Day 12 – False Self/True Self
Idolatry might be most succinctly and helpfully understood with the following: “if I can just do, have, or be this, I will be happy.” Instead of God, what we think will make life work is what we do, what have, or what image we are able to project in the world. Generally, we might not even have the awareness to say it so directly, but this is often what is going on in our hearts.
And when undetected, for those who are in Christ, we can end up putting this “idolatry” into our relationship with God. In a sense, we can idolize God in an attempt to get our own independence and self-fulfillment through what we do, what we have, and what others think of us. Rather than a life of depending on Him/surrendering to His heart, we may view Him as one who can get us what we want. Of course, what we most desire is a life of dependence, but lesser desires are often more intensely at play.
For the people of Israel, the text of Exodus 32:6 is tragically fascinating. Aaron, the brother of Moses, had just built the golden calf. Then, he pronounced, “these are your gods that delivered you from Egypt,” and announced that the next day they will have a feast to the Lord. The word “Lord” is the Hebrew word Yahwehwhich was the personal name of God. There are two things to note. First, they were attributing their release from captivity to these false gods. Second, they were mixing the worship of those gods with worshipping the one, true God.
Let’s pause right here. Are there ways that you attribute things in your life to yourself? to your hard work? to whatever? Or do you see yourself as completely dependent upon the vine who is Christ? (cf. John 15:1-5) Next, ask God to search your heart. Are there ways that you have combined worship/surrender to God with other pursuits? Again, pause here for a few moments as you listen and explore with God. He is gracious and will meet you where you are.
In Deuteronomy 8:17–19, we read: “Beware lest you say in your heart, ‘My power and the might of my hand have gotten me this wealth.’ You shall remember the LORD your God, for it is he who gives you power to get wealth, that he may confirm his covenant that he swore to your fathers, as it is this day. And if you forget the LORD your God and go after other gods and serve them and worship them, I solemnly warn you today that you shall surely perish.” It is distinctly possible that we end up worshipping the gift rather than the giver. John Piper challenges us:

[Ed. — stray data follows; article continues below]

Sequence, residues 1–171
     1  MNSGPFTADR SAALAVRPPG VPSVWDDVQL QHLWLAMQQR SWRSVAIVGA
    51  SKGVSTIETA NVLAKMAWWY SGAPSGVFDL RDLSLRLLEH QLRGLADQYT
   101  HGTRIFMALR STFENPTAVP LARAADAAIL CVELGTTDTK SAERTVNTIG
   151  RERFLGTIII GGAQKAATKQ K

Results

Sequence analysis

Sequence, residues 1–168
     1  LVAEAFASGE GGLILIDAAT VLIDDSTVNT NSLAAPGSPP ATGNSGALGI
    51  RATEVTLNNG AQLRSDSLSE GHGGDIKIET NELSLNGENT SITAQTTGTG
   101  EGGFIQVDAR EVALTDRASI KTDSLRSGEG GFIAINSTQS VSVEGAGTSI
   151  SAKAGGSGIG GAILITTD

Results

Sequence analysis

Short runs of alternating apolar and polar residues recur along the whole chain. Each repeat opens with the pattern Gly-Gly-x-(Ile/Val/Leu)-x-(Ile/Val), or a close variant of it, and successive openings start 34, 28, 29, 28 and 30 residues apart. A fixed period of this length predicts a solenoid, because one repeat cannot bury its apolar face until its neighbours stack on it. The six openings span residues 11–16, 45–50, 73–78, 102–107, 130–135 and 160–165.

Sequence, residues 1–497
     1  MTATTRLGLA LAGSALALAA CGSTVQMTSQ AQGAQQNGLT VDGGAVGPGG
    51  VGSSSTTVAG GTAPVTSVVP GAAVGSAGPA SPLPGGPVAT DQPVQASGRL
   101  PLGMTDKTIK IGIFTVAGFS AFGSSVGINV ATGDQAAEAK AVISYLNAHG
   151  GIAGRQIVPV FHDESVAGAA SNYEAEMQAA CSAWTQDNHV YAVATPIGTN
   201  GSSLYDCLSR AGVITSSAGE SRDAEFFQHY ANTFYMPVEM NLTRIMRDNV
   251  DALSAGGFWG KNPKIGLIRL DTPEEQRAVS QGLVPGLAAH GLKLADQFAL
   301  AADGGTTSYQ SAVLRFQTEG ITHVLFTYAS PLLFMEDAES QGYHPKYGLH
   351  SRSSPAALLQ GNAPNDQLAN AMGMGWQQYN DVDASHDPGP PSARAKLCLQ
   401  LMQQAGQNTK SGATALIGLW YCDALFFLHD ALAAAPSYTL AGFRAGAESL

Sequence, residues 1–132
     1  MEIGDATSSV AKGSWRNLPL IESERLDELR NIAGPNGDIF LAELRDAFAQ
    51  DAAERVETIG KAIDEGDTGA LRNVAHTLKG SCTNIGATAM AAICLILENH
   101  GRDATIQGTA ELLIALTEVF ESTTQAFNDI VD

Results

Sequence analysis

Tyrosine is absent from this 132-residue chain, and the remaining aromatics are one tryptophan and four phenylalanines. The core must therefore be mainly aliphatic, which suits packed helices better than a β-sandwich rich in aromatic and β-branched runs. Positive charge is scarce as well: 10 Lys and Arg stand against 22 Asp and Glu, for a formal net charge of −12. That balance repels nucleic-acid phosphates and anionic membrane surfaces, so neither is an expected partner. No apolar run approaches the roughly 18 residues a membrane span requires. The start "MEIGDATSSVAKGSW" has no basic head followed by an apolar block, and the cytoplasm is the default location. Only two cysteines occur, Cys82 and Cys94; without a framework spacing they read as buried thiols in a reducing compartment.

“The greatest adversary of love to God is not his enemies but His gifts, and the most deadly appetites are not for the poison of evil, but for the simple pleasures of earth. For when these replace an appetite for God Himself, the idolatry is scarcely recognizable, and almost incurable.” (A Hunger for God)
The temptation of mixing our worship of God with the pursuit of other things also includes a beautiful invitation because when we reflect on how we are tempted to be shaped by what some have called the false-self, we have an opportunity to release and remember in trust and worship. More specifically, the false-self is what we have been discussing: identifying ourselves with three things – what we do, what we have, and what others think of us. We can “use” God to prop these things up. Graciously, God waits, abides with us and beckons us, quietly and non-forcefully, to release and look fully at His provision … to rest in the reality that He is enough.
These three elements of the false-self are the same things that showed up in Adam and Eve’s temptation in Genesis 3 as well as Jesus’ temptation in Matthew 4. For Adam and Eve, it was in the silence and joy of the Garden, and for Jesus, it was in the wilderness. And in both, temptation was presented in the context of their lives with God. Notice the parallels of these temptations:
- make one wise | get the kingdoms of the world | what I do
- fruit is good for food | turning stones to bread | what I have
- delight to the eyes | throw self down | what others think of me
In his book Basking in His Presence, Bill Volkman offers that the temptation contrasted with the invitation is about knowing (possessing) and unknowing (faith). “Like Adam and Eve, we all have been given the same basic commandment: ‘From any tree of the garden you may eat freely; but from the tree of the knowledge of good and evil you shall not eat.’ But, like Adam and Eve, most of us continue to make the mistake of choosing to eat of the fruit of the tree of knowledge, or tree of knowing, instead of in faith taking from the Tree of Life, the Tree of Unknowing.”
Can you allow yourself to be in that place of unknowing … of trust? The idolatry of the false-self is centered around garnering and possessing what we need rather than trusting God as our provider.
Over the next three days, we’ll look at each of these parts of the false-self and what it might mean to move from a place of striving into rest where we are increasingly freed to worship God alone. It is out of the “enoughness” of God that our true-self emerges.
Questions for reflection: is God alone enough for me? In what ways would you say yes? In what ways would you say no?
Prayer: Lord, today I confess that in particular ways … dependence and trust in You alone has not been enough for me. And I desire deeply to live into the worshipping You alone more and more. Thank you for the grace of letting me be in process along the way. Amen.
Posted on March 2, 2021, in blog, Lent 2021. Bookmark the permalink. Leave a comment.
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